Silly Skeletons

Look closely at these skeleton bones and you’ll notice they spell a name! This crafty project has my Advisory students busy making a seasonal decoration for the classroom. The best part is they used odds-and-ends left over from my Art classes including cardboard boxes, scraps of white drawing paper, buttons, lace, ribbons and shreds of fabric.

This lesson is a great opportunity to teach students how to write in cursive (many kids don’t even know how to write their own name!). Check out Beautiful Bones for another artsy skeleton project!

Watercolor Painting

Kapaa Middle School Art students were inspired by a “Water Life” theme for this watercolor painting project. While exploring various watercolor techniques, students also learned about asymmetrically balanced composition and value created through texture.

The idea for this lesson was inspired by a similar project titled “Beyond the Border,” posted by Art teacher Michelle East. Students used the Rule-Of-Thirds to place the focal point of their subject off-center. The main subject extends beyond the inner rectangle onto the border, which is left black and white. The final result is an illusion that part of the image is spilling over the white border that frames it.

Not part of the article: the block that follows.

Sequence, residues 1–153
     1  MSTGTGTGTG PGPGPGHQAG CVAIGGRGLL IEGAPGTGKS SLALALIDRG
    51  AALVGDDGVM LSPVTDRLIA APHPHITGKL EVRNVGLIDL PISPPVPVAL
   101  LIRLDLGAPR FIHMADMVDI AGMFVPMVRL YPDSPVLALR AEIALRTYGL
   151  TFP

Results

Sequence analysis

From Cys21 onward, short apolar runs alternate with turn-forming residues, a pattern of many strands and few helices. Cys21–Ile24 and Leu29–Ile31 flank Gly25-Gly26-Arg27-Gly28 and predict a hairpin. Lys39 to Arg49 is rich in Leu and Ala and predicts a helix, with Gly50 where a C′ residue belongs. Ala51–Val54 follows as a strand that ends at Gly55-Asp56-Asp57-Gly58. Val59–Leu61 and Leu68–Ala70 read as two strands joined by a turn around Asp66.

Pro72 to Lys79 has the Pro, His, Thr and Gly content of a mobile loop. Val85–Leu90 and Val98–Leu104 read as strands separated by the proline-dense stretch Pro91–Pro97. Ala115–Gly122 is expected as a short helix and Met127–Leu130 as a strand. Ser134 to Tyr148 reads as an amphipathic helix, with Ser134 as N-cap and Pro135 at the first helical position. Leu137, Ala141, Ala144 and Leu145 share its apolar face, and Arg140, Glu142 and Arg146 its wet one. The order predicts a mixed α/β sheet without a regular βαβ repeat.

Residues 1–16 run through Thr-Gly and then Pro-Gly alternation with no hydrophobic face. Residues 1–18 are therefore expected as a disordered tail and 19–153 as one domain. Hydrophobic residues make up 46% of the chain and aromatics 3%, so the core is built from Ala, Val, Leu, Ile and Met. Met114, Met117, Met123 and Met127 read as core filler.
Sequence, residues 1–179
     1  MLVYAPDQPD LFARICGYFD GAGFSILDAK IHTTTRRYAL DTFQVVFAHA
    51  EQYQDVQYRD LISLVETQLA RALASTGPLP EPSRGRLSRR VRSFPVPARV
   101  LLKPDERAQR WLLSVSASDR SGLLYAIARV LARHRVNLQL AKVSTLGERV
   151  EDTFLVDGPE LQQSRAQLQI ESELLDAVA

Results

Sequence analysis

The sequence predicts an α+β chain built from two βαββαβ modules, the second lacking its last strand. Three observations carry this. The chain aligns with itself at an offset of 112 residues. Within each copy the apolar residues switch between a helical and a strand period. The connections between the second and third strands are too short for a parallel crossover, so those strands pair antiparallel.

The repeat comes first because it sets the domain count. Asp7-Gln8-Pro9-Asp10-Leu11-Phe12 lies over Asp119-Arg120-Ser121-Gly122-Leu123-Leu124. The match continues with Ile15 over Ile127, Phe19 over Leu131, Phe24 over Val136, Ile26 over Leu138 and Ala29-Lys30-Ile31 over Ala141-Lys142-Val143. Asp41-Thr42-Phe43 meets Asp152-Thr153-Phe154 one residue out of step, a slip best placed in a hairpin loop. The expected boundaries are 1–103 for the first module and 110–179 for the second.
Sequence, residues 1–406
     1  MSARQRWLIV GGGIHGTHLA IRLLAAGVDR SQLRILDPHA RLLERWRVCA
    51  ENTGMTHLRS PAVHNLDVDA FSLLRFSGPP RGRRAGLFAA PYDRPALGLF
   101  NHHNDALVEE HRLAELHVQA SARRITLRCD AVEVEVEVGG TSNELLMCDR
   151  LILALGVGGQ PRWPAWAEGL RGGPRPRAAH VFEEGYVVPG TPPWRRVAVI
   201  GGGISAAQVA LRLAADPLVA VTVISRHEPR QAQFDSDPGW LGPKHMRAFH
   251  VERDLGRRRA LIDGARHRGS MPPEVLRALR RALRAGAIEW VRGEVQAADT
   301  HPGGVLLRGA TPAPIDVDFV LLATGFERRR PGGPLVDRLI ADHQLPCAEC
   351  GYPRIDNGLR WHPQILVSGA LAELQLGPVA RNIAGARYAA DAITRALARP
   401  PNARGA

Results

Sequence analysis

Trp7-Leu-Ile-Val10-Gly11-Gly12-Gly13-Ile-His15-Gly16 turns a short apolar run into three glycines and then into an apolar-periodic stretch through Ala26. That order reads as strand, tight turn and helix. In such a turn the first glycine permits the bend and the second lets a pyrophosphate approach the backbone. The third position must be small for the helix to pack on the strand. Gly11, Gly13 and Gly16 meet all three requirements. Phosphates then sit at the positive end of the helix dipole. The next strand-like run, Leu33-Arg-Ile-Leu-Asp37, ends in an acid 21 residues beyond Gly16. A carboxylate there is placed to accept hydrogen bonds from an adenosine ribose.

Watercolor techniques included wash, value-gradient, color-gradient, glazing, wet-in-wet, salt, isopropyl, splatter, and blowing with a straw. Students practiced the techniques by making a bookmark with all of the techniques labeled for reference.

Finally, crosshatching and stippling were applied with a calligraphy stylus (the kind you dip into an ink-well) to create depth and shadow. Black ink outlines were also added to all contours as well as the defining edge of the frame.

Pictured below are some of the sketchbook activities that went along with this lesson.

Sketchbook Activities
Click here for Self-Evaluation and Assessment Rubric

Pencil Transformation

The first drawing assignment I presented to Kapaa Middle School’s 6th, 7th, and 8th grade Art students requires some imagination! I stumbled upon this lesson idea while exploring Jodie Hurt’s website (another middle school Art teacher who posts on the web!), and decided that it would be a fun way to start off the new school year.